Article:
November 22, 2013 The Walking Dead “Live Bait” Episode 6 (Review)
After this week’s episode “Live Bait,” the writers have finally begun to remedy what many viewers, especially those loyal to the source material; felt was the biggest misstep of the third season: not humanizing The Governor enough. Sure, he had walker-Penny, and she was meant to be his last connection to humanity. It was not developed very well, especially since in his first appearance alone before Penny was revealed, he was responsible for the murder of at least eight people. This season’s sixth episode served to show that The Governor, for all his psychotic meltdowns, was still very much a human.
His motivations are still a bit ambiguous, but nearly every important action he took during the episode—procuring the game and the oxygen tanks—had a result beneficial to Megan, the child of Lily. Lily and her daughter have been hiding out with Lily’s sister, Tara, and her father since the “shit hit the fan and flung all over the damn place”. It’s obvious that, in Megan, The Governor (or Philip…or now Brian? Who knows?) sees his daughter and wants to do whatever he can to help her and make her happy. He seems to have some affection for Tara and Lily also, the latter evidence in their implied relations the first night on the road, but the viewers were really only presented with actions clearly motivated by Megan. To allow himself to care for others again, he must bury his past and forget his mistakes, his crimes, and the people he has loved and lost. He accomplishes this simply through fire, by burning Woodbury to the ground and lighting the last picture he had of his family before knocking it out of the window in his room. This is The Governor’s chance to come back from the things he has done. Will it work? Only time will tell, but given the way we saw him looking at the prison at the end of last week’s episode, it doesn’t seem likely.
The episode also threw the viewers a few casual and subtle yet powerful messages regarding The Governor. The most obvious reference was his chess game with Megan where he was explaining how to play. She asked about the pawns and if they need to live to win, and, knowing all about the death of a king’s pawns, he says that the game can be won still without pawns. This is not only a reminder of what he has done, but also seems to be foreshadowing his story-arc for the season; when outside of the prison, it does not look as if anyone stands beside him. Perhaps he means to act alone, without pawns, and get the revenge he’s been craving? Or maybe he will return to king status and bring more pawns with him?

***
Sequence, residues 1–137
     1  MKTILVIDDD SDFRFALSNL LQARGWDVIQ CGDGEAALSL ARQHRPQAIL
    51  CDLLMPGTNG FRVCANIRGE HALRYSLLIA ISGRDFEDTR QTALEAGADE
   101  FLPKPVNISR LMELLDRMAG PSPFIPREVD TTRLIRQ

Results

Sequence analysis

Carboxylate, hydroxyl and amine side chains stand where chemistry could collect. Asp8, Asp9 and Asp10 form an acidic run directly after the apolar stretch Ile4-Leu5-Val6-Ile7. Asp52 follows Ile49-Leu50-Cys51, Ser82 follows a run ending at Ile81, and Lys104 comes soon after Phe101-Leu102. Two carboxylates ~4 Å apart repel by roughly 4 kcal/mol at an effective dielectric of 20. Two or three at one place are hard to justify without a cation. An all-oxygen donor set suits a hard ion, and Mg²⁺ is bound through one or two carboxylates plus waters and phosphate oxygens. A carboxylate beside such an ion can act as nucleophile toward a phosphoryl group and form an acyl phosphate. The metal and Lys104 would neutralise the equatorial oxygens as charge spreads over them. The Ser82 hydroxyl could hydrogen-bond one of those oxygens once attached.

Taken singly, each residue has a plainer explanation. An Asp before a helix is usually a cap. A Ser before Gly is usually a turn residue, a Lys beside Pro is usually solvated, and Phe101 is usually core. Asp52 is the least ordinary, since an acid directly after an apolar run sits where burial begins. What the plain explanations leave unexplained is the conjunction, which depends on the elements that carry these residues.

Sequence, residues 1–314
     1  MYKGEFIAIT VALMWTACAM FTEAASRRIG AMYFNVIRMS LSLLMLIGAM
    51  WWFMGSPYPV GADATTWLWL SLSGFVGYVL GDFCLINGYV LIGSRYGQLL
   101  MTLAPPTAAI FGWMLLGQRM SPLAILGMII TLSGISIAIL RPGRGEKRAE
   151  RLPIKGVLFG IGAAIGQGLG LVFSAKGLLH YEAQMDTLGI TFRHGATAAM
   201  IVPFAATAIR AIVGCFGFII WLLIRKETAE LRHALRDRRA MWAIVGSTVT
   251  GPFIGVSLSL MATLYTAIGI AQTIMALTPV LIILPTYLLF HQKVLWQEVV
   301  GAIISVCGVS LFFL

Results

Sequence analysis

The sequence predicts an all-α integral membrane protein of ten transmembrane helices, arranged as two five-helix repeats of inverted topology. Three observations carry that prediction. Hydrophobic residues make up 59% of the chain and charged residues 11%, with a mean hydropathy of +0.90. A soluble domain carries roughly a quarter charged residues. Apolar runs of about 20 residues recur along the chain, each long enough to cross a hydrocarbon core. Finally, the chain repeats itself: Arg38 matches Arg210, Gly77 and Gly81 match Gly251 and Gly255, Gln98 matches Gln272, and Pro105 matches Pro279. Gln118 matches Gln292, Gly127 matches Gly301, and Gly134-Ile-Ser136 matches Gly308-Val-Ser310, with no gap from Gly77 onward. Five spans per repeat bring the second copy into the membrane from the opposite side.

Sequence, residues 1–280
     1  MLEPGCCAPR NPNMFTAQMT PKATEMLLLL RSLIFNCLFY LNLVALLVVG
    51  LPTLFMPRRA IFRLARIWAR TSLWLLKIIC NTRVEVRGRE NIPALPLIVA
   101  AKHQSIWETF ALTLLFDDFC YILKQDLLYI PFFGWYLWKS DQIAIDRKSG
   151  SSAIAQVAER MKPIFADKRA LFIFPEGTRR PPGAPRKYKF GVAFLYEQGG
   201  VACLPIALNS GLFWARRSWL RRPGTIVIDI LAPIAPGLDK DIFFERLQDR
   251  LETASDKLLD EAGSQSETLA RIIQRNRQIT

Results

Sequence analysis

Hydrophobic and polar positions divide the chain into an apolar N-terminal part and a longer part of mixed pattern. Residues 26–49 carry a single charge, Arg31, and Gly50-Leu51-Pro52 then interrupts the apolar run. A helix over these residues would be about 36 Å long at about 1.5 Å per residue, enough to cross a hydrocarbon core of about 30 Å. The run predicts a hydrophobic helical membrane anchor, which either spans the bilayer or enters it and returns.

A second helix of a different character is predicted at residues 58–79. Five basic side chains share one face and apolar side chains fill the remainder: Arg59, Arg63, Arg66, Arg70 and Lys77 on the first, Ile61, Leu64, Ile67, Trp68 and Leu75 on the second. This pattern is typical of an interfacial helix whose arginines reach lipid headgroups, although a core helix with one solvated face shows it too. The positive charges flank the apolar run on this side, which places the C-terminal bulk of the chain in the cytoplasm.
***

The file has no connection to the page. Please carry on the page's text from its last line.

The not-so-obvious subtlety was when he was forced to kill the sisters’ walker-fied father. His action, though necessary, terrified Megan to the point where she did not want to speak to him or be near him anymore. In The Governor’s mind, his conversation with Milton probably stirred—”If your daughter was alive, what would she think of you?” And one can assume that he still holds the same mentality, that she may be terrified, but she’d be alive, and that’s really what matters. Though, it was likely of great relief when overrun by walkers and falling into the pits that Megan trusted the man she feared again, relying on him and feeling protected by him again.
Speaking of the walker pit, those were some brutal and grotesque walker kills. The cosmetics and effects departments have really been putting a great effort into some of the close-up walker kills this season, and they’ve all been fantastic. The best one was probably using the bone to essentially snap the walker’s head in half. This was certainly not an episode about walkers or how dangerous they are —this was a completely character-driven episode and the primary antagonist of last season was temporarily morphed into the protagonist of this episode/ It was a welcomed change to see some thorough and well-thought-out character development. The Governor is becoming a true villain, not just a violent murderer. CrypticRock give this week’s episode a 4.5/5.
Written by Ryan McEvoy